2. It evidences its efficacy in keeping men off from believing under the dispensation of the gospel. This evidence must be a little farther cleared.

(1.) Under the dispensation of the gospel, there are but few that do believe. So the preachers of it complain, Isa. liii. 1. “Who hath believed our report:??: which the apostle interprets of the paucity of believers. John xii. 38. our Saviour Christ himself tells us that many are called ;', the word is preached unto many, 'but few are chosen.' And so the church complains of its number, Micah vi. 1. Few there be who enter the narrow gate; daily experience confirms this woful observation. How many villages, parishes, yea, towns, may we go unto, where the gospel, it may be, hath been preached many years, and perhaps scarce meet a true believer in them, and one who shews forth the death of Christ in his conversation. In the best places, and most eminent for profession, are not such persons like the berries after the shaking of an olive-tree, two or three in the top of the upmost boughs, and four or five in the highest branches ?

(2.) There is proposed to men in the preaching of the gospel, as motives unto believing, every thing in conjunction that severally prevail with men to do whatever else they do in their lives. Whatever any one doth with consideration, he doth it either because it is reasonable and good for him so to do, or profitable and advantageous, or pleasant, or lastly, necessary for the avoidance of evil; whatever, I say, men do with consideration, whether it be good or evil, whether it be in the works of this life or in things that lead to another, they do it from one or other of the reasons or motives mentioned. And, God knows, ofttimes they are very poor and mean in their kind, that men are prevailed upon by. How often will men for a very little pleasure, a very little profit, be induced to do that which shall imbitter their lives, and damn their souls. And what industry will they use to avoid that which they apprehend evil or grievous to them. And any one of these is enough to oil the wheels of men's utmost endeavours, and set men at work to the purpose.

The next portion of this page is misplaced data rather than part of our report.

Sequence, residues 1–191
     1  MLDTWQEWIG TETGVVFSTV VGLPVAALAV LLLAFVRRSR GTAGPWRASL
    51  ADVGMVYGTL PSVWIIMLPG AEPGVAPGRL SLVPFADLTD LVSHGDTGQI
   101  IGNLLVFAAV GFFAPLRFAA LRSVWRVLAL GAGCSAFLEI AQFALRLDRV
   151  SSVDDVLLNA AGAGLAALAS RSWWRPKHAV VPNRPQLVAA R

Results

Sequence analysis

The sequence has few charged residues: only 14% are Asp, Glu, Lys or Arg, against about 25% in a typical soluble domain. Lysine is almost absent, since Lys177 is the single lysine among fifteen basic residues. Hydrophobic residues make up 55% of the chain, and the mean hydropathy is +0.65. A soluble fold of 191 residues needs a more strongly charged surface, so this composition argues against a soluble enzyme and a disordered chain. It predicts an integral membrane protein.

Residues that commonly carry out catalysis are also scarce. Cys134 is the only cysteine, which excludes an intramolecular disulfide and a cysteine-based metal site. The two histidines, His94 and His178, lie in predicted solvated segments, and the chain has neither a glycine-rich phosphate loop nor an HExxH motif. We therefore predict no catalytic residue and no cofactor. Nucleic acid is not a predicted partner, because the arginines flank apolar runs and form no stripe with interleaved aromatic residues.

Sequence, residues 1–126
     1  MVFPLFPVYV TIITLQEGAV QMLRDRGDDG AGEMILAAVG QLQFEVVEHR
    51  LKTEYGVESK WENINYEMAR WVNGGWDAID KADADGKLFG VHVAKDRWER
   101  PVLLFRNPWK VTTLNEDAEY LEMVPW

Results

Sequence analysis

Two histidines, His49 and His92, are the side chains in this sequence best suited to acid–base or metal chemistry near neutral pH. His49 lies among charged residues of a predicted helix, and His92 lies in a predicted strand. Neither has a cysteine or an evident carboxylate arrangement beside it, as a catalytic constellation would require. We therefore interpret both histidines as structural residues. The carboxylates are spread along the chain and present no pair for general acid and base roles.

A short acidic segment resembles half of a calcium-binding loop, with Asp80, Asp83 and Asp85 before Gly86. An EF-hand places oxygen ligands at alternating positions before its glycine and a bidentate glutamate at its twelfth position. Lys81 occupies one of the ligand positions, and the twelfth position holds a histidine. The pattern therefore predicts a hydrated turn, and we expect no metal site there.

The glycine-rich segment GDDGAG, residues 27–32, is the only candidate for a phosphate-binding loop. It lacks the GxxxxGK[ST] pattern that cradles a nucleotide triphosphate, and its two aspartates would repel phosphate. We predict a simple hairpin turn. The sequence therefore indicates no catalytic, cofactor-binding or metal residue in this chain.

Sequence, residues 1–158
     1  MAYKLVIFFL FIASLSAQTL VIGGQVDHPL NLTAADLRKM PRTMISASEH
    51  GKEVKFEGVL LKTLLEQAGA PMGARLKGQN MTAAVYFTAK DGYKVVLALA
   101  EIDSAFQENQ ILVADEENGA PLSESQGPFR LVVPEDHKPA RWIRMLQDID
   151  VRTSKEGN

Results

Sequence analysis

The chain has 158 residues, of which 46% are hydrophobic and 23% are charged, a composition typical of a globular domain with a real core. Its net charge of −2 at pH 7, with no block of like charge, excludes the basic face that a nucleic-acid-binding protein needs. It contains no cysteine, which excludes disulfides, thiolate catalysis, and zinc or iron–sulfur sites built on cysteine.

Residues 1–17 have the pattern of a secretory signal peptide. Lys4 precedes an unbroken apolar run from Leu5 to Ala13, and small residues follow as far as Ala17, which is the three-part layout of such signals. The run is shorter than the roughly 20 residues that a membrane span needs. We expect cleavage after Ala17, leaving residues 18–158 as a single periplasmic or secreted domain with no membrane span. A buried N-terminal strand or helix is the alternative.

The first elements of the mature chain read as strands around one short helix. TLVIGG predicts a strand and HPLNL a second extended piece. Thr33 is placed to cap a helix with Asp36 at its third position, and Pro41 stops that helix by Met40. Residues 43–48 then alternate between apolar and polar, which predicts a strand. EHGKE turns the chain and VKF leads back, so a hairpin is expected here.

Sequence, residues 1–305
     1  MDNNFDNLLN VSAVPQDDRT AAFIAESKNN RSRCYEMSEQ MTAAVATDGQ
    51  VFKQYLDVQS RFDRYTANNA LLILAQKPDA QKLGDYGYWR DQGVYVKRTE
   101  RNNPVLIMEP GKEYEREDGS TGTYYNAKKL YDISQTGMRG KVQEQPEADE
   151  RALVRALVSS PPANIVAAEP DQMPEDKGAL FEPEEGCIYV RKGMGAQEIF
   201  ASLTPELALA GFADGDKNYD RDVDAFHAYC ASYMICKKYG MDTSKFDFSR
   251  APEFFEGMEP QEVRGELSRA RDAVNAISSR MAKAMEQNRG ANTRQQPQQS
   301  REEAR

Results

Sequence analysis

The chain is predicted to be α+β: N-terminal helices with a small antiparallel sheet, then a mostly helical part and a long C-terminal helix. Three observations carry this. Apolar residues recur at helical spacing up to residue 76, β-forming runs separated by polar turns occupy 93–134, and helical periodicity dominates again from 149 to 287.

But now all these things centre in the proposal of the gospel, and the command of believing; and every one of them in a kind, that the whole world can propose nothing like unto it.

[1.] It is the most reasonable thing that can be proposed to the understanding of a man, that he who through his own default hath lost that way of bringing glory to God and saving his own soul (for which ends he was made), that he was first placed in, should accept of and embrace that other blessed, easy, safe, excellent way for the attaining of the ends mentioned, which God in infinite grace, love, mercy, wisdom, and righteousness, hath found out, and doth propose unto him. And,

[2.] It is the profitablest thing that a man can possibly be invited unto ; if there be any profit or benefit, any advantage in the forgiveness of sins, in the love and favour of God, in a blessed immortality, in eternal glory. And,

[3.] It is most pleasant also. Surely it is a pleasant

thing to be brought out of darkness into light, out of a dungeon unto a throne, from captivity and slavery to Satan and cursed lusts, to the glorious liberty of the children of God, with a thousand heavenly sweetnesses not now to be mentioned. And,

[4.] It is surely necessary, and that not only from the command of God, who hath the supreme authority over us, but also indispensably so for the avoidance of eternal ruin of body and soul, Matt. xvi. 16. It is constantly proposed under these terms, believe, or you perish under the weight of the wrath of the great God, and that for ever

more.